First attempt at Kaggle's Forest Cover Type competition, learning how slow SVMs can be

I made my first few attempts at the Forest Cover Type Prediction Kaggle Competition, one of the recommended starter projects.

My broader goal for this week is to use this as training ground for some of the additional techniques I've been reading about in the Python ML book, including more sophisticated validation methods, hyperparameter tuning, and ensemble learning methods like bagging, but I haven't gotten that far.

A few things make this competition more interesting than the Titanic: Machine Learning from Disaster:

  • Much larger datasets: 15k training samples / 565k to predict vs merely hundreds
  • 55 features vs ~15
  • multi-class prediction instead of binary
  • Non-linear models perform significantly better (with Titanic logistic regression performed nearly as well as anything)

On the other hand, there doesn't seem to be much need or opportunity for feature engineering, e.g there is no fuzzier features that could be further broken down as was the case in the Titanic competition where, for instance, I extracted a 'cabin deck' feature out of the raw cabin feature, and others have done stuff with surnames.

Today was a nice review of the basic initial attack to a competition like this:

  • build a function to preprocess the data handling any missing data, encoding categorical features appropriately, and scaling quantitative features
  • evaluate a few models examining training / test accuracy
  • submit

The initial results:

alg 70/30 training fit 70/30 test accuracy training time prediction time full training fit full test accuracy (kaggle submission)
Logistic Regression 0.68 0.67 3.07 0.01 0.60 0.55999
Decision Tree Depth 6 0.70 0.68 0.06 0.00 0.69 0.57956
Random Forest Depth 10 0.99 0.82 0.23 0.04 0.99 0.71758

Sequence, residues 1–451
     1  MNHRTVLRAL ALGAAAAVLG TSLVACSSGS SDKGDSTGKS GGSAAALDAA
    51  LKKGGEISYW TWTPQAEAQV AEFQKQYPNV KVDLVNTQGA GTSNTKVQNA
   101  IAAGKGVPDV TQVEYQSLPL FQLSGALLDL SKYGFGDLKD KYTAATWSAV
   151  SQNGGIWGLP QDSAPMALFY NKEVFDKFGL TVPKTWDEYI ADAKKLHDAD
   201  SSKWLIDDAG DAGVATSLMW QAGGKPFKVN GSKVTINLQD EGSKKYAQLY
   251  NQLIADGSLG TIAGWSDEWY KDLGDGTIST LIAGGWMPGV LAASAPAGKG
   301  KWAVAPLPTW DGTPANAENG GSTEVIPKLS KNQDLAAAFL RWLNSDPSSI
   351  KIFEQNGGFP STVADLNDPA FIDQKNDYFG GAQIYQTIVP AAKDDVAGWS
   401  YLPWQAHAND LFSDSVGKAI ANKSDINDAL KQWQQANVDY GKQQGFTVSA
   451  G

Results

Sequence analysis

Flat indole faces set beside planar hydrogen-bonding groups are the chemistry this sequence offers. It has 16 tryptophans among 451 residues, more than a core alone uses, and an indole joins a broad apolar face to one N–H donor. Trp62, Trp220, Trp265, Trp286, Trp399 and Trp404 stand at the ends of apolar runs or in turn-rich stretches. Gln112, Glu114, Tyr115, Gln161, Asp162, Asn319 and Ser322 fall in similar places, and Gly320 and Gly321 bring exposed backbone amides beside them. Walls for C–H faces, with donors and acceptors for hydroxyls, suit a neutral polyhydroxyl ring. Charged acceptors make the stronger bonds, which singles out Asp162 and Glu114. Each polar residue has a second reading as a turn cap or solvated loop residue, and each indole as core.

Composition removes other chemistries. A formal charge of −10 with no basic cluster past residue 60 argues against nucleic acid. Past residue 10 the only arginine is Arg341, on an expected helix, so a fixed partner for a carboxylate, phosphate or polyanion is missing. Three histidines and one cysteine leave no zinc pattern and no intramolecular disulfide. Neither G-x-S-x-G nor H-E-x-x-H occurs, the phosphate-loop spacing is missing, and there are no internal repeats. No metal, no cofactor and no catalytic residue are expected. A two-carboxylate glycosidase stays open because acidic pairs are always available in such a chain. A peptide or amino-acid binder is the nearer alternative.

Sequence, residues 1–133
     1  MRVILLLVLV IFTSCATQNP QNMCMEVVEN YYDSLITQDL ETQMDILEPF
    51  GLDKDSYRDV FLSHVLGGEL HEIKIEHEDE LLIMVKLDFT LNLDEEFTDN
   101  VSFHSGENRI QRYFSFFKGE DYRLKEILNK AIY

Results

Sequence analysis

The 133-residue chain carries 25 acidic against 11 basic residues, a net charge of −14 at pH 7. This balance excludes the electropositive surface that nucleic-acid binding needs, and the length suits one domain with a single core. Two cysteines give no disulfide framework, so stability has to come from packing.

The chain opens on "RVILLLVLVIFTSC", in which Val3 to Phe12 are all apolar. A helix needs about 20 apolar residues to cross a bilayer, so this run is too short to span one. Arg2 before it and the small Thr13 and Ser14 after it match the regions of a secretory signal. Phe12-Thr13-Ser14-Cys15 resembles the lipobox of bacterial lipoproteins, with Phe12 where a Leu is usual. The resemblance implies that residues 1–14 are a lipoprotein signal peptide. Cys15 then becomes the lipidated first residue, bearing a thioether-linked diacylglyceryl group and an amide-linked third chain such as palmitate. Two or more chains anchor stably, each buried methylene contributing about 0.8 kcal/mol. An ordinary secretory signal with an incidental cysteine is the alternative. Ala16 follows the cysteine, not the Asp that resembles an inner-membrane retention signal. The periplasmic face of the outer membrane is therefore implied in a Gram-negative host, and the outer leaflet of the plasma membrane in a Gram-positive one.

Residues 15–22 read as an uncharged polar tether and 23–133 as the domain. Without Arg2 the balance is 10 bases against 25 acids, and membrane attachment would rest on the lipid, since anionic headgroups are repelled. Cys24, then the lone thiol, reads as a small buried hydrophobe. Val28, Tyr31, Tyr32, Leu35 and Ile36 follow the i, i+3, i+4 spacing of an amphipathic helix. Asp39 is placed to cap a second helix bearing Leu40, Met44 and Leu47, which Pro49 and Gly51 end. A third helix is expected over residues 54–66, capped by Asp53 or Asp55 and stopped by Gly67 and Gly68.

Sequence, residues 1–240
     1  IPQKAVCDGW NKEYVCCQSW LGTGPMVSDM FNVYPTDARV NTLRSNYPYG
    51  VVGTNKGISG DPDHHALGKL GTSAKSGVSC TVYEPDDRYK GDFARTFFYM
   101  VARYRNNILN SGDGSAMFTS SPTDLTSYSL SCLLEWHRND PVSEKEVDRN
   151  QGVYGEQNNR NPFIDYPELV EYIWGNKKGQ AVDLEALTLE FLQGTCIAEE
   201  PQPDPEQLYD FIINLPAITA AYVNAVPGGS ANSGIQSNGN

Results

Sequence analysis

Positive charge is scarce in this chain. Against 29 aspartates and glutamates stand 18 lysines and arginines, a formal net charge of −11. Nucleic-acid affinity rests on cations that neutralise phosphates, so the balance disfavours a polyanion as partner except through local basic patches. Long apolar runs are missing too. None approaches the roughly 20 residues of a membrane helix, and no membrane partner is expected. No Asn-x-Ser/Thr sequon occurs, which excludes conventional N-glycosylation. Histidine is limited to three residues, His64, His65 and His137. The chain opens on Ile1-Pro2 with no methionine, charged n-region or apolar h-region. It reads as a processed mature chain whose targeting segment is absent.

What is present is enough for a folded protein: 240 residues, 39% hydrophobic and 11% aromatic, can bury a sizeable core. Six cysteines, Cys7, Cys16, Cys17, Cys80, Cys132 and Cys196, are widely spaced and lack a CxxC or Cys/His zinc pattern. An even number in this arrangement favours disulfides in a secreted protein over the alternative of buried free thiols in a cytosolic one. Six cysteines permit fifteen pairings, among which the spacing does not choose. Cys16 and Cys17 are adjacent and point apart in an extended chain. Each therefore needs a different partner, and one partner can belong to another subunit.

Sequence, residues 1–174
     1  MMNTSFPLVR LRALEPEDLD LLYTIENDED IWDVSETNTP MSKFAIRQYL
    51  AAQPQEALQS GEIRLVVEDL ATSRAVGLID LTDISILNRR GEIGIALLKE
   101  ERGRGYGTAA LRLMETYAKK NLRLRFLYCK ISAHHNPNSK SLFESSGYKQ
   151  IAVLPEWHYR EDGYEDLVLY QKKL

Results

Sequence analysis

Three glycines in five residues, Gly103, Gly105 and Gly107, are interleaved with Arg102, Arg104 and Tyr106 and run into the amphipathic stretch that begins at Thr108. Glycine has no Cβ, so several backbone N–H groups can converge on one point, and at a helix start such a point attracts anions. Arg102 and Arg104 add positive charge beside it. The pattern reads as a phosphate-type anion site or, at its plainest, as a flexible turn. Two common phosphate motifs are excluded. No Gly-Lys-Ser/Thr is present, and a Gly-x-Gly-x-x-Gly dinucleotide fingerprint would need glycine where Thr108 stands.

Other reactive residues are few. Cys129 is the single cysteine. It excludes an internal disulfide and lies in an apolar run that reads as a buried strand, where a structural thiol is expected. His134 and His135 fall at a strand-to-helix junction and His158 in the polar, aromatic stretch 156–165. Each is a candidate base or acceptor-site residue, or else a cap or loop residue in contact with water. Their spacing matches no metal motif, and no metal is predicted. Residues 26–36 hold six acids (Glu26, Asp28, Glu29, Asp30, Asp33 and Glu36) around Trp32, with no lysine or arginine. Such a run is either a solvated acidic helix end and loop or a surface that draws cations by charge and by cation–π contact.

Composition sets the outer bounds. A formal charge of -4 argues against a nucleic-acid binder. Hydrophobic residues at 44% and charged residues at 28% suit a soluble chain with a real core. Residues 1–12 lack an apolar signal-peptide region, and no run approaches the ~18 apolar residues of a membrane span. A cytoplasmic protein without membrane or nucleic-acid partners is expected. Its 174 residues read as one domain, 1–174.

Kernel SVM 0.91 0.82 3.44 6.2 0.90 0.72143
Kernel SVM on PCA reduced data 0.90 0.82 2.27 3.26

Note that runtime became a significant factor this time. I became acquainted with the fact that SVM prediction times are slow compared to logistic regression, decision trees and random forests. It's one thing for the training to take a while, but when the prediction is also slow that makes SVMs quite a bit less appealing, especially when they don't perform much better than random forest models. What makes SVMs slow for prediction is that the prediction time is proportional to the number of support vectors of the model, which in turn, are proportional to the number of training samples (assuming the decision boundaries are tricky).

One of the benefits of reducing the dimensions of the dataset with PCA is to improve the performance of training / prediction, so after seeing that with 25 out of the 55 features, 95% variance was retained, I tried running all of the methods on the reduced dataset. Kernel SVM performed just as well and ran almost 50% faster.

A last hope for kernel SVM performing the best by a larger margin is to explore tuning its parameters a bit, I read that SVMs tend to need this.

Oh, another thing I was curious about is whether applying tree based methods (trees or random forests) to scaled data makes any difference. One property of tree based methods is that you don't have to scale the parameters to be centered around zero as is required by many other classifiers, but, having already scaled the data, I used it with each algorithm out of laziness. But I followed up and re-trained a random forest on the unscaled dataset and the performance was identical.

In any case, with a best submission score of ~72% which isn't particularly impressive on the leaderboard I'm hoping either tuning or applying ensemble learning techniques can get me up into the 80s.